A compiler-compiler or compiler generator is a tool that creates a parser, interpreter, or compiler from some form of formal description of a language and machine. The earliest and still most common form of compiler-compiler is a parser generator, whose input is a grammar (usually in BNF) of a programming language, and whose generated output is the source code of a parser often used as a component of a compiler.
The ideal compiler compiler takes a description of a programming language and a target instruction set architecture, and automatically generates a usable compiler from them. In practice, the state of the art has yet to reach this degree of sophistication and most compiler generators are not capable of handling semantic or target architecture information.
A typical parser generator associates executable code with each of the rules of the grammar that should be executed when these rules are applied by the parser. These pieces of code are sometimes referred to as semantic action routines since they define the semantics of the syntactic structure that is analysed by the parser. Depending upon the type of parser that should be generated, these routines may construct a parse tree (or abstract syntax tree), or generate executable code directly.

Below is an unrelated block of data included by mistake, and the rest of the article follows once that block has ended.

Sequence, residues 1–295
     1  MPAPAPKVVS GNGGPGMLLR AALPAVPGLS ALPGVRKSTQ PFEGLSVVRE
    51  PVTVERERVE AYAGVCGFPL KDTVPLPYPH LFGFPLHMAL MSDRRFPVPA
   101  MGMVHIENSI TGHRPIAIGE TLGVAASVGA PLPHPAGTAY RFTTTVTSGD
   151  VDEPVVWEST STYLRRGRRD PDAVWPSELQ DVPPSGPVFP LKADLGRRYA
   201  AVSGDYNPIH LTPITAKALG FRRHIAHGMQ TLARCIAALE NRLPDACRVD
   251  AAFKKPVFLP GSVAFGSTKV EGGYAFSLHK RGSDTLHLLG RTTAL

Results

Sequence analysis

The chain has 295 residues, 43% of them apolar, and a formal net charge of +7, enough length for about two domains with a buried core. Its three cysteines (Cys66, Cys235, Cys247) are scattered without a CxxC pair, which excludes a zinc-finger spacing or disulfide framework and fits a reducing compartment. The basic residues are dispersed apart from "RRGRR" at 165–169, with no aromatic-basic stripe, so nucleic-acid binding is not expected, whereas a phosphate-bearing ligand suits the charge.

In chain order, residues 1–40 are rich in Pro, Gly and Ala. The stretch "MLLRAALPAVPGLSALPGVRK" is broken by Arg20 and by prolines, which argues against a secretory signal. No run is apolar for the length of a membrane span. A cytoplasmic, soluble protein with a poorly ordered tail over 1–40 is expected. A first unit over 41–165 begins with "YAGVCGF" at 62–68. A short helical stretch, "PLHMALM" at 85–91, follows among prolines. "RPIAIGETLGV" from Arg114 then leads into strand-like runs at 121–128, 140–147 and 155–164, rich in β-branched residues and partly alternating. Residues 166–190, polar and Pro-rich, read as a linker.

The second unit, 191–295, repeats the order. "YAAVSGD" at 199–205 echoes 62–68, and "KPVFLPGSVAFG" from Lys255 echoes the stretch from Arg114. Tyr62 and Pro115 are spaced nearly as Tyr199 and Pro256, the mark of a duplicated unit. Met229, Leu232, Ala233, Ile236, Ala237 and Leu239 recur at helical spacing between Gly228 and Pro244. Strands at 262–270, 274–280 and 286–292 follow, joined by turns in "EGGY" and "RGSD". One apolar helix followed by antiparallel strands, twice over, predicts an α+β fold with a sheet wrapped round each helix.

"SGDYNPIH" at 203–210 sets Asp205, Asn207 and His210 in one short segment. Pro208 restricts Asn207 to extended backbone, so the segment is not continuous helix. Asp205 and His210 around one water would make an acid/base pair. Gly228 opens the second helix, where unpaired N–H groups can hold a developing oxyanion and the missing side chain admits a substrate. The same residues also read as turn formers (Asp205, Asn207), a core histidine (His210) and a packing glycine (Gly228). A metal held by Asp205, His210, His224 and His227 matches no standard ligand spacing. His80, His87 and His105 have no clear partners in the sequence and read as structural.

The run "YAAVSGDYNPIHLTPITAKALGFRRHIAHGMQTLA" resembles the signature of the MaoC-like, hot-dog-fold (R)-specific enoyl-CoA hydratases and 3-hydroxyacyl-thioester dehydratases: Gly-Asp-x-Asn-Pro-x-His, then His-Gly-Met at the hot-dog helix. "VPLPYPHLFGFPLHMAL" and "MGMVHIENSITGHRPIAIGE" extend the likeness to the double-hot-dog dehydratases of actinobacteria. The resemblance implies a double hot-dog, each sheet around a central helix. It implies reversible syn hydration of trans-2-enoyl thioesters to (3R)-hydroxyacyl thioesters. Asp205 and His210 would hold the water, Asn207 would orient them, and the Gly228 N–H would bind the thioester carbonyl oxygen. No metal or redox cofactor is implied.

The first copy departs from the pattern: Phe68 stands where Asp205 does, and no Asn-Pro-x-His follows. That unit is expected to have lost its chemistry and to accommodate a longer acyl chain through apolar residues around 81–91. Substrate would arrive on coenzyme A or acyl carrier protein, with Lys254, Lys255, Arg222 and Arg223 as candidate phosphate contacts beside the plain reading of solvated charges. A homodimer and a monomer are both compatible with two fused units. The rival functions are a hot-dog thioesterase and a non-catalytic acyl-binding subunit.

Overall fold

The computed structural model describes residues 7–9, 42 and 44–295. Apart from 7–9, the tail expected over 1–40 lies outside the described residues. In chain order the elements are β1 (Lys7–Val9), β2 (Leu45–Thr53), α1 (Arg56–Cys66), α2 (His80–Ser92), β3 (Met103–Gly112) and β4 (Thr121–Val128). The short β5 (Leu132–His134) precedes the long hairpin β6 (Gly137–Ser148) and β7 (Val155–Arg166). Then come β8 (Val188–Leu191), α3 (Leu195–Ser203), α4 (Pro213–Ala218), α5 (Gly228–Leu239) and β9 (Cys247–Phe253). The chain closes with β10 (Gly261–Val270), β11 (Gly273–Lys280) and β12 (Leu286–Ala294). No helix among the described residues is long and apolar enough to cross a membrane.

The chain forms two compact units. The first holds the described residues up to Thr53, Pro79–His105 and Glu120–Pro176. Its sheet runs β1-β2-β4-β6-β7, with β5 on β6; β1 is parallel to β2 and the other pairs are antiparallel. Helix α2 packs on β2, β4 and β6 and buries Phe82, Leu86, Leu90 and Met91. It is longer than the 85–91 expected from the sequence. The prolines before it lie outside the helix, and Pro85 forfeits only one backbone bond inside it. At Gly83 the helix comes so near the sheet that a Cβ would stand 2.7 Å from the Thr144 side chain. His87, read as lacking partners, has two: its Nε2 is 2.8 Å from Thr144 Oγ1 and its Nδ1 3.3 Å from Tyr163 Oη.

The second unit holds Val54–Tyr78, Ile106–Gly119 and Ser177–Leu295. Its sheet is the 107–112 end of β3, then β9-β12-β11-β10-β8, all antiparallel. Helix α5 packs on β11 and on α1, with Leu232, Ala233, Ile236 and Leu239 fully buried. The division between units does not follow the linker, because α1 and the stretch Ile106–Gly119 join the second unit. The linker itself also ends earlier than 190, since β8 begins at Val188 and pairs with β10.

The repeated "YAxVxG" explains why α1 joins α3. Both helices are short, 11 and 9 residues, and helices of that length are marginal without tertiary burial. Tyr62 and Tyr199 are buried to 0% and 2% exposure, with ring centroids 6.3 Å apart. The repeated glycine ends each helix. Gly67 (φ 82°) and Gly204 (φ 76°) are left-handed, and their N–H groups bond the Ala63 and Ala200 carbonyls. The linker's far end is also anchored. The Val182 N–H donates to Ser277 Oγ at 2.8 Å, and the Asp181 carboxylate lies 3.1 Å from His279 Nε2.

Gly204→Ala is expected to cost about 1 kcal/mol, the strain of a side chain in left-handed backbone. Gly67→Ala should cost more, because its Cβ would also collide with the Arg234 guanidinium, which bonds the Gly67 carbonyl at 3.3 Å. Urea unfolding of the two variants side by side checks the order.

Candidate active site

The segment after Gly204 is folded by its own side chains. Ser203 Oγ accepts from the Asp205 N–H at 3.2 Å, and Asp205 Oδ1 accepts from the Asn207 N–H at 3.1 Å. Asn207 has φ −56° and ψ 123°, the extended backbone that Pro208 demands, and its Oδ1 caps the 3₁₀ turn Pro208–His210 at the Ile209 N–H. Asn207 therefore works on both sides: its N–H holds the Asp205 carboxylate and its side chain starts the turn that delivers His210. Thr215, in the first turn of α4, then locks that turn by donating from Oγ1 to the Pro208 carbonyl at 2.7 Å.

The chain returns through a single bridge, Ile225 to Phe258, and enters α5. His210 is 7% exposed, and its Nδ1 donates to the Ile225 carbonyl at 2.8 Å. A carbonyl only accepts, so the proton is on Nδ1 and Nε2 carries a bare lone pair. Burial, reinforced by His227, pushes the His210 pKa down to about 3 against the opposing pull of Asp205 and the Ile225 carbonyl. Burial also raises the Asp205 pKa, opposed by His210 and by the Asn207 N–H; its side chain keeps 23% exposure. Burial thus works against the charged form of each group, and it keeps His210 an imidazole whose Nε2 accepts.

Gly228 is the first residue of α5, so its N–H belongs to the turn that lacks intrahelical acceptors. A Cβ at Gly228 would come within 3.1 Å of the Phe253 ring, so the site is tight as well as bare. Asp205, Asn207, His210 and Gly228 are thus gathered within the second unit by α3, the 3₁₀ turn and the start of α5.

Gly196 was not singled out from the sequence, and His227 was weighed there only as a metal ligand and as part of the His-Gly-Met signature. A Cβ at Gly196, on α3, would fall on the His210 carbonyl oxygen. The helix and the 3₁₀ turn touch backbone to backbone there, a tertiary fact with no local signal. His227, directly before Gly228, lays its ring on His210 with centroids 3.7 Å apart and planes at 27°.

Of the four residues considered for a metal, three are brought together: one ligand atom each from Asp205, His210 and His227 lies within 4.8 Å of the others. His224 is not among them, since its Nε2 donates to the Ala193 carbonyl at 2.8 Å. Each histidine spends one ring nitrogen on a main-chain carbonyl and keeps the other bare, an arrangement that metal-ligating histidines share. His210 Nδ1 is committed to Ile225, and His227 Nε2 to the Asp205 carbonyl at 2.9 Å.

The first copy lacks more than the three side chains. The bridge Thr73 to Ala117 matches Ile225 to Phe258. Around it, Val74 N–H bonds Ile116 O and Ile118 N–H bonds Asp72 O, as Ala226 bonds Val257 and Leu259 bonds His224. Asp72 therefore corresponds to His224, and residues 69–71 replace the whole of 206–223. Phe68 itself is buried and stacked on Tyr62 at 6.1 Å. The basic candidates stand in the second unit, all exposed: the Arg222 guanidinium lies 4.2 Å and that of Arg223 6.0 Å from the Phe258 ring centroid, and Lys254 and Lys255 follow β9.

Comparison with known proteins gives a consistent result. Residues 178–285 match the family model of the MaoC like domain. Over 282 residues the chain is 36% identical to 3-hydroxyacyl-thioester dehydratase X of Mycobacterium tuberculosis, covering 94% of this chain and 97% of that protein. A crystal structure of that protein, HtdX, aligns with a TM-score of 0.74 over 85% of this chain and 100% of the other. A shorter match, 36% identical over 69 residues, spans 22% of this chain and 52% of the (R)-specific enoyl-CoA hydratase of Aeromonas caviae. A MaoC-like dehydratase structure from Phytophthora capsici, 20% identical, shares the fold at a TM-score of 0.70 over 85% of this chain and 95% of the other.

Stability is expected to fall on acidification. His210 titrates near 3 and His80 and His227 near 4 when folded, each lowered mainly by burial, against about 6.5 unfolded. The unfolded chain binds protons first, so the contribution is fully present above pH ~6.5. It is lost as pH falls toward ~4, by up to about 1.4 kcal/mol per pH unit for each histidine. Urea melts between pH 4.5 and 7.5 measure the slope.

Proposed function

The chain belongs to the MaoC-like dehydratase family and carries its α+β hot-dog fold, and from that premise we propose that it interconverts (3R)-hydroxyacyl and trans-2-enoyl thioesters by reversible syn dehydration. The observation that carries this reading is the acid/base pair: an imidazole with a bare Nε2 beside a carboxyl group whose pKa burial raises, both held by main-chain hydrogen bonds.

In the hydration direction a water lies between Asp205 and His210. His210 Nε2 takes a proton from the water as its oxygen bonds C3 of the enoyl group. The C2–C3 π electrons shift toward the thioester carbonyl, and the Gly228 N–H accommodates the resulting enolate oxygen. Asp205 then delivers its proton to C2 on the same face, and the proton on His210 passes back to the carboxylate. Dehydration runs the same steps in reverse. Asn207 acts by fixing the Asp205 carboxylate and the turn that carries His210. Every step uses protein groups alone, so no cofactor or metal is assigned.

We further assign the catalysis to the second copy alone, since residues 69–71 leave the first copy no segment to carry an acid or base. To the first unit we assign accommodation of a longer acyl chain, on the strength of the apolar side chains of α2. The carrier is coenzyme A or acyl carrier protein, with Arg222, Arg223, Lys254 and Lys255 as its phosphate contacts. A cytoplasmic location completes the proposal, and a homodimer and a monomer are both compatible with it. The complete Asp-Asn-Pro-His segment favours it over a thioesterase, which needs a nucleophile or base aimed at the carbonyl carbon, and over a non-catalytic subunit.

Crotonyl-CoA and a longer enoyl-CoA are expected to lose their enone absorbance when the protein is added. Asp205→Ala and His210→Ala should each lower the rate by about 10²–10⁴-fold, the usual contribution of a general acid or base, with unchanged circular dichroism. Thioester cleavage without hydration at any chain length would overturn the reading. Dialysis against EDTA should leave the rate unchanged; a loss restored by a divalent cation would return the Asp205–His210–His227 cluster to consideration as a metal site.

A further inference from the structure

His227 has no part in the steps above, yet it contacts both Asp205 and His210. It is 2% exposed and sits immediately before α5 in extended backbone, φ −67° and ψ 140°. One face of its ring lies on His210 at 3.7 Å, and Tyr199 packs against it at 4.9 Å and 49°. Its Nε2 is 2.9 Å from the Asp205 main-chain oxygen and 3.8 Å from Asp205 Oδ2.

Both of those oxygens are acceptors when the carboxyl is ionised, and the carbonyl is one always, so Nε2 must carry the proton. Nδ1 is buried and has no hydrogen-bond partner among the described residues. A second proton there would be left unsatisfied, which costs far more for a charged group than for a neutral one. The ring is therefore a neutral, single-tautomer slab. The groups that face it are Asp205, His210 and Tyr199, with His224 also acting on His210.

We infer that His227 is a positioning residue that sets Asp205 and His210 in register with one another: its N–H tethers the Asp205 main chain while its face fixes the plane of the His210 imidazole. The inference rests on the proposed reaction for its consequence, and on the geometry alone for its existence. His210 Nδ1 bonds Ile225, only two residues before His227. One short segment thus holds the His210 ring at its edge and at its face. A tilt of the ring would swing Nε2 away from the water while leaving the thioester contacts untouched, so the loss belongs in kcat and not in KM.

Some experimental compiler-compilers take as input a formal description of programming language semantics, typically using denotational semantics. This approach is often called 'semantics-based compiling', and was pioneered by Peter Mosses' Semantic Implementation System (SIS) in 1978. However, both the generated compiler and the code it produced were inefficient in time and space. No production compilers are currently built in this way, but research continues.
The Production Quality Compiler-Compiler project at Carnegie-Mellon University does not formalize semantics, but does have a semi-formal framework for machine description.
Compiler-compilers exist in many flavors, including bottom-up rewrite machine generators (see JBurg) used to tile syntax trees according to a rewrite grammar for code generation, and attribute grammar parser generators (e.g. ANTLR can be used for simultaneous type checking, constant propagation, and more during the parsing stage).
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